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Think twice before leaping into StanChart's battered shares

The e-mail landed in my inbox last week: "There's something about Standard Chartered that is worth looking into."

You don't say?

The message was from FINS, a service that highlights job opportunities in the financial sector, saying that the British bank "has money to play with" and planned to hire more than 1,000 workers globally this year.

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It was not, alas, a warning to investors that U.S regulators were about to accuse the high-performing bank of evading laws restricting the processing of transactions from rogue states, such as Iran. That charge, from the State of New York, initially wiped out 20 per cent of the company's value Monday.

The shares are on the rebound, with analysts urging investors to buy on the weakness. But this episode illustrates that even the best and most well-regarded institutions seem to be susceptible to blowups. And, importantly, that investors should think seriously about whether one big problem suggests there are other, unknown ones lurking.

I'm no stranger to the appeal of a battered stock, but it seems to me essential to distinguish between two types of downtrodden securities – those that are suffering from temporary glitches and those that languish because of longer-lasting issues.

Earlier this year, I recommended shares of JPMorgan Chase & Co. after it was revealed the company had a significant trading loss on a big derivatives bet. To me, the key reasons to forgive the company were that its loss was an issue of competence, rather than dishonesty, and that the problem was uncharacteristic of the company's leader, CEO Jamie Dimon, who quickly acknowledged the bank had been "stupid."

More problematic, I find, are allegations of long-term, systemic wrongdoing, and what they suggest about other potential problems. That is what is at issue here.

The New York regulators say Standard Chartered removed identifying material from more than 60,000 transactions that would have flagged them as involving Iranian clients.

The bank responded by saying the New York regulators' order does not "present a full and accurate picture of the facts" and suggested the matter has devolved into a technical dispute over the meaning of the Iranian-transactions law (in which, for all I know, Standard Chartered could prevail).

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Yet, the true problem has been revealed with the juicy legal document the regulators released Monday, in which a U.S. executive for Standard Chartered was said to have warned the head office that the Iranian transactions offered the risk of "very serious or even catastrophic reputational damage." The response of the bank's group executive director, according to New York regulators? "You … Americans. Who are you to tell us, the rest of the world, that we're not going to deal with Iranians?"

Allow me to suggest I find this response underwhelming, when the issue at hand is possible "catastrophic reputational damage." It suggests to me a large cultural problem — one heretofore unidentified at Standard Chartered.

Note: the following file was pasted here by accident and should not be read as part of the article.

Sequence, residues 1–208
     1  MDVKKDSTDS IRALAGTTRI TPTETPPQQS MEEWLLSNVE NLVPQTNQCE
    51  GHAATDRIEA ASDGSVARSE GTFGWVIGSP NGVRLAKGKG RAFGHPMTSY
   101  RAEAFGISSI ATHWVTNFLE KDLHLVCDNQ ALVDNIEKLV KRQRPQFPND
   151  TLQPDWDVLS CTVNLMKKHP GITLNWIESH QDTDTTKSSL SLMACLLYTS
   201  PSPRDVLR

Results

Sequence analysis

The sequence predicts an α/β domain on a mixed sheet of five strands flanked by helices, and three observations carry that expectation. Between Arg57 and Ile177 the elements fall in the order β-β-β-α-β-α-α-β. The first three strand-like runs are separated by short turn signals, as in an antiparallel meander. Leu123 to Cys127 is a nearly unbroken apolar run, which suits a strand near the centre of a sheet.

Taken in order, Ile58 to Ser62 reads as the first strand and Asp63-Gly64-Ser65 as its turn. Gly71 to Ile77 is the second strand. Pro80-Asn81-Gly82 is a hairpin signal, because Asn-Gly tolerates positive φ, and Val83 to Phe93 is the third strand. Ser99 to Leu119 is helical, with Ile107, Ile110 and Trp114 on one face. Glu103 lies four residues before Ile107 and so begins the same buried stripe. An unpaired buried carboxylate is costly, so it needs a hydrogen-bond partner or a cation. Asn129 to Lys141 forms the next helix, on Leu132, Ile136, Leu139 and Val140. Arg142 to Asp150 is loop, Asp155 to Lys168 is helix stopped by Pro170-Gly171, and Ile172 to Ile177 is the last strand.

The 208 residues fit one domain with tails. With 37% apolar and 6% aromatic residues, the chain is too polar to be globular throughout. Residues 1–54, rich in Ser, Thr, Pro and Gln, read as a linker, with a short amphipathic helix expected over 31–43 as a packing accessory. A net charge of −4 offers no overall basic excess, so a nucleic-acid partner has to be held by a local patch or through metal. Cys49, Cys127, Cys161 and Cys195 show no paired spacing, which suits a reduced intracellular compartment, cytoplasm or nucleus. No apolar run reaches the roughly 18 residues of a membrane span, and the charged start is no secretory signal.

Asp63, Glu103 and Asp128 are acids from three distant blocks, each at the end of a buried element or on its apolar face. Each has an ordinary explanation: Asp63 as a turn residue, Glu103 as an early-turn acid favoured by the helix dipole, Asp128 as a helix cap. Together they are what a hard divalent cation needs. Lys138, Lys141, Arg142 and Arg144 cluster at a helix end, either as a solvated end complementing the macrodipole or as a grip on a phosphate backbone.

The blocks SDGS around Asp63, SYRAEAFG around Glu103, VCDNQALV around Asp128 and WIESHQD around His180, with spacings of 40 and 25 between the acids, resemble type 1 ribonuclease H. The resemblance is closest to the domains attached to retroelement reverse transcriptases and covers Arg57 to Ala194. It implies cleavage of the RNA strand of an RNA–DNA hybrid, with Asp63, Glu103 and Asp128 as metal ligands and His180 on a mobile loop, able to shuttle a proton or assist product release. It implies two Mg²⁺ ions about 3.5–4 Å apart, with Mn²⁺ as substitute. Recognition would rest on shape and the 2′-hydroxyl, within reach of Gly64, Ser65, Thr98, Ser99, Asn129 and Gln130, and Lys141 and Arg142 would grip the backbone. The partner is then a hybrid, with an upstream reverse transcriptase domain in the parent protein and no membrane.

"Standard Chartered is not an ordinary bank. It has a proud reputation, a management team of high integrity, and is known for its magnificent work with the charity, Seeing is Believing," smooched analyst Ian Gordon of Investec Bank PLC.

Indeed, thanks to both its reputation and its large exposure to high-growth emerging markets, the bank had been trading at a significant premium to British banking peers – 1.5 times its tangible book value, versus an average of 0.6 for others, says Standard & Poor's equity analyst Frank Braden.

Most equity analysts reiterated their "buy" ratings this week and maintained price targets of as much as £18 to £19 ($29.75 U.S.) — upside of 20 to 30 per cent from the prescandal prices, and 35 to 45 per cent from Wednesday's level of £13.15.

Cormac Leech of Liberum Capital, who has a more modest price target of £16, believes the combination of fines, "lost future illegal revenues," reputational impacts and "kitchen-sink risk" adds up to a potential impact of $5.5 billion (U.S.), or £1.50 a share — and since the shares are now down about that much, there's "limited further downside."

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He may be right and investors who buy on the dip may prosper. But consider this: To get a good sense of the impacts, the analysts have been able to draw on British banks' past settlements and legal reserves for violating U.S. Iranian money-transfer laws, like the agreement entered into in 2010 by Barclays.

You know, Barclays — the bank that hasn't had any reputational damage since then.

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About the Author
Business and investing reporter and columnist

A business journalist since 1994, David Milstead began writing for The Globe and Mail in 2009. During eight years at the Rocky Mountain News in Denver, Colo., he individually or jointly won nine national awards from SABEW, the Society of American Business Editors and Writers. He has also worked at the Wall Street Journal. More


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